By Sabrina Sucato
Bug juice is a real thing.
Skeptical? So was I when I first tried Critter Bitters, the aromatic bitters made from crickets. I couldn’t get the idea of dirt, grass, and creepy crawlies out of my mind as I prepared to take my first sip. Of course I was just being ridiculous—the bitters do not resemble bugs in the slightest. The nutty, earthy taste is more akin to toasted walnuts or woodsmoke than anything that chirps.
That’s the point.
Critter Bitters aims to help people “get over the ‘ick’ factor associated with entomophagy, or eating insects,” according to co-founders Julia Plevin and Lucy Knops. The creative duo met while earning their MFAs in Product Design at The School of Visual Arts, and have since made a name for themselves in two tricky-to-navigate fields. Not only did they concoct a successful bug-based product, but they also carved a niche for themselves in the artisanal alcohol industry, an arena which remains largely male-dominated.
The key to Critter Bitters’ success lies in the combination of a unique concept, artful packaging, and, most importantly, the creation of a genuinely good product. “People are more likely to try something new when it’s in alcohol,” said Plevin. Although she and Knops recognize that the initial allure stems from the “try it once” mentality, the long-term appeal has to do with the handcrafted liquid inside the chic eyedropper bottles. The bitters carry notes of rosehips, peppercorn, and cinnamon, creating a flavor that is natural without veering into liquid grass territory. Bugs or not, Critter Bitters makes a unique addition to any bar cart.
It is a challenge to stand out in the ever-expanding sea of foodie concoctions and gimmicky products. Yet Knops and Plevin manage to sell something that is just as cool as it is delicious. On top of that, the company’s slogan—“drinking cocktails won’t save the world, but eating insects just might”—is more meaningful than ever. Crickets may seem gross, but the reality is that the chirpy critters are high in protein and readily available throughout the world, making them an ideal addition to diets lacking in animal or plant protein. Knops and Plevin first came up with the idea to “juice” bugs after the United Nations’ Food and Agriculture Organization (FAO) published its 2013 report on Edible Insects—Future Prospects for Food and Feed Security. In it, the FAO declared that there will not be enough food to feed the projected nine billion people on Earth by 2050.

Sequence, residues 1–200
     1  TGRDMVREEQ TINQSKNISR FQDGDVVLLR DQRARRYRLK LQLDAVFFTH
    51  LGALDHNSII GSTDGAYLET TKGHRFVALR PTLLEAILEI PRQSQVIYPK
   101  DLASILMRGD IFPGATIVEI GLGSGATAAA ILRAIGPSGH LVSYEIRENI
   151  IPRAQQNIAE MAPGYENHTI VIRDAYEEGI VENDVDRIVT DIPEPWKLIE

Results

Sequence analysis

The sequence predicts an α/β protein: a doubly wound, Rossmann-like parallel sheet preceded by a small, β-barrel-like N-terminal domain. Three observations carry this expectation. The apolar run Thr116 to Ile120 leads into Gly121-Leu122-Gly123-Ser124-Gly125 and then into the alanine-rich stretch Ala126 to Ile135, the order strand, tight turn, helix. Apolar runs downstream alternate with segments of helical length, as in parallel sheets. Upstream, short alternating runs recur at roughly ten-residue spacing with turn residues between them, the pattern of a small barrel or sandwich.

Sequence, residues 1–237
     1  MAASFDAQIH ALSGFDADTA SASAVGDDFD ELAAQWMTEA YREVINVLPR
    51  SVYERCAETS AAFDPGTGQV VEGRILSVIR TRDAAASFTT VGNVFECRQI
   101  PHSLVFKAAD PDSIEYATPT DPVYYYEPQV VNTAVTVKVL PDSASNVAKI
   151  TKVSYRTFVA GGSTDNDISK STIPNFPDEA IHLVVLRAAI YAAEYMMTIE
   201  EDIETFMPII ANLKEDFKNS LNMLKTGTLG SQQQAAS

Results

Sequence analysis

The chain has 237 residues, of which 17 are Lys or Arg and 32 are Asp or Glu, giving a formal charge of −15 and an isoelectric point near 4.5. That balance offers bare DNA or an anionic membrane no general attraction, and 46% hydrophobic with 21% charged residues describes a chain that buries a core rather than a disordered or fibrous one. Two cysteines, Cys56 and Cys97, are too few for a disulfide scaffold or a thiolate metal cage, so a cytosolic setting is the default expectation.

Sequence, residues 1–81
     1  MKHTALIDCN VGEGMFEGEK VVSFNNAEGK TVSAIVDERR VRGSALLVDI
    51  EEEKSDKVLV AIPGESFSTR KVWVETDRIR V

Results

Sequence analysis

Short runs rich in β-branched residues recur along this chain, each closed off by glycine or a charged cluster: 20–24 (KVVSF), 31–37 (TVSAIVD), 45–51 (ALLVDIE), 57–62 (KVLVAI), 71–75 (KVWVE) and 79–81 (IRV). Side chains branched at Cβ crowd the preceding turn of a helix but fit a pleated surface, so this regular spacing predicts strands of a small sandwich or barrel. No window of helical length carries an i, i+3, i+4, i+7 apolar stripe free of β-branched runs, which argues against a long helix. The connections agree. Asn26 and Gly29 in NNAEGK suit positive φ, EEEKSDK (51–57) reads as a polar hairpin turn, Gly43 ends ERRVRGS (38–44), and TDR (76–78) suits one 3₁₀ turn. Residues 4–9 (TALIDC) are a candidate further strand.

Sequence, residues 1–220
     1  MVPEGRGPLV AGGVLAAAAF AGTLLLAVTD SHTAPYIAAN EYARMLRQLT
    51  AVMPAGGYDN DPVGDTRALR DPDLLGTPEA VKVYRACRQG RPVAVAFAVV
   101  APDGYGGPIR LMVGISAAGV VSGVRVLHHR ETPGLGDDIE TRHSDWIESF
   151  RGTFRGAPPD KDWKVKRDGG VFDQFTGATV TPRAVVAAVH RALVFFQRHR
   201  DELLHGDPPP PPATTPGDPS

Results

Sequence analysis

That hard-to-swallow statistic is why Knops and Plevin designed a beverage to help the reality go down (both literally and figuratively) just a little bit easier. Insect-eating has gained in popularity not just as a food trend but also as a hunger solution, thanks in large part to powerhouse start-ups like Exo, a protein bar company that plays on insects’ high protein content.
Although a few bottles of cricket alcohol will not singlehandedly cure the impending food shortage, Critter Bitters does help to highlight a serious global issue. The fact that the pair of creators are raising awareness about this crisis through a chic cocktail ingredient, all while hollowing out a niche for themselves in the world of craft alcohols is more than admirable. That Critter Bitters’ success is appealing on so many levels, from quality and aesthetic to global impact to industrial individuality, is heady stuff. The project is not just a narrative about women in the alcohol game or the latest food trend. Critter Bitters is a societal statement as much as it is a booze brand.
Photos: Chia Messina